But if you go back again, the 1982 Voting Rights Act was the first major civil rights bill we had. It was introduced in 1981, and in 1982 under Reagan, William French Smith came up and testified at the Judiciary Committee that they wanted an extension of the existing Voting Rights Act that had been altered and changed in a dramatic way two years before by what they call the Mobile case. It effectively interpreted voting rights—when it was fashioned and shaped and legislated—to have an intent test rather than an effect test. The obvious important difference is that if you have an intent test, every time you have a case, you’re going to have to demonstrate what the intention of the writers of a particular statute intended rather than what the effect of that statute is. So that’s very dramatic and very important.

Young

Discriminatory intent.

Kennedy

You would have to demonstrate discriminatory intent. What they called the effects test had been in effect up until the Mobile case, and we had seen very dramatic and important progress made since the time of the passage of the Voting Rights Act in 1965. You have hundreds and thousands of elected officials in the South, who were able to be elected as a result of the Voting Rights Act. 

Senator [Charles] Mathias and I started to have the extension of the Voting Rights Act, 1982, but with the effects test, the language that had been used the whole time the Voting Rights Act had been in place, with the exception of the previous two years, when the Mobile case had basically paralyzed things. We’re not going to, but if you go back and look at the Justice Department after that case, they were basically paralyzed in bringing voting rights cases. 

Who was the architect of the administration’s determination to stay strong with the position of the Mobile case? Roberts. This was year 2000; he’s now the current Chief Justice. He was the principal architect of that, and we were able to get only 33 co-sponsors of the right, correct Voting Rights Act. We were not even able to get up to 50. It looked for a very substantial period of time like we weren’t going to get it extended, and this was going to end the whole Voting Rights Act.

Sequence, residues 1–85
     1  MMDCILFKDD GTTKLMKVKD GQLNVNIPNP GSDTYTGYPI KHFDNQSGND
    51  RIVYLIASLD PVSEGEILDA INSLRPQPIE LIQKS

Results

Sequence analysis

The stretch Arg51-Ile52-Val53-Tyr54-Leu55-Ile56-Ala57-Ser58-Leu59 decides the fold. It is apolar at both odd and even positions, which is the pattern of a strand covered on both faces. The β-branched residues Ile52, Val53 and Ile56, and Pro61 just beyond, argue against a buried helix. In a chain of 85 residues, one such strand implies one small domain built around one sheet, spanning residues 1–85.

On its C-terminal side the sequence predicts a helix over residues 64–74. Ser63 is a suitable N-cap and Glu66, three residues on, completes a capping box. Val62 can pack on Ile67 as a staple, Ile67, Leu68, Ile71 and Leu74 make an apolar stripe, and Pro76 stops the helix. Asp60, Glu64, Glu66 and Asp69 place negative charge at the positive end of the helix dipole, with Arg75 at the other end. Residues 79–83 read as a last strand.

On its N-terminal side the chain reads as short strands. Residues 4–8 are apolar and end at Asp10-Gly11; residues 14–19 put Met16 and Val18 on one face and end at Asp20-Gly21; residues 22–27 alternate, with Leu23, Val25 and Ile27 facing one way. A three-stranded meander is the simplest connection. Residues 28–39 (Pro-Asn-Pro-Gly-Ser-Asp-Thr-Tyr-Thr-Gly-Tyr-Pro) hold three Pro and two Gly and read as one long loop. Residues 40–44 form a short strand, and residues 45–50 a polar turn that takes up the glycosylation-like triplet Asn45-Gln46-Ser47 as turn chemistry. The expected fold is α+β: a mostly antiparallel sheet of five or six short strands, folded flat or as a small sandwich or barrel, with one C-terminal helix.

We had a Republican Senate, but the House worked on it, and they were able to get the effects test in. When they passed it, we were able to get a monumental shift to get the Senate to be willing to accept it. At the very end, Bob Dole came on and offered a little correcting amendment, a little sticker that permitted some of the other Republicans to come on. He got a big story in the New York Times Magazine section and all the rest of it, but what he did was virtually meaningless. The House had really done it.

What all this indicates is that we see now the people who have been in the political operation of the Republican machine. We have Rehnquist in—worked in the Justice Department. Roberts worked in the Justice Department. Alito had worked in the Justice Department. Scalia had worked in the Justice Department. Thomas had worked on the EEOC [Equal Opportunity Employment Commission] as a Republican nominee and therefore had strong ties to the Republicans. And President Reagan nominated Justice O’Connor, who was very close to Rehnquist. Although she didn’t work in the Justice Department, she had been a Republican and very close to the Rehnquists socially, politically, and ideologically.

Young

That’s going back to [Barry] Goldwater, I think.

Kennedy

Yes. The people who had been the architects of the voting rights case, which denied full opportunity for voting for blacks, were people who had been in there and said you could discriminate at universities and other institutions as long as the money went in the front door, where they didn’t discriminate. You eventually had the Ward’s Cove case that prevented discrimination against workers on the basis of what they call a business necessity, which effectively undermined the provisions of employment discrimination. That, together with voting rights discrimination and educational discrimination, what we call this whole march for progress, this whole movement that had started in the early 1960s, was in the process of a massive reversal by people who knew that the way to do it was working through the Justice Department, working through political ideology, on a step-by-step basis, as the NAACP lawyers did leading to Brown v. Board of Education. There was a buildup to that case, a whole series of cases that finally brought Brown v. Board of Education, the monumental backbone of the whole movement of knocking down walls of discrimination.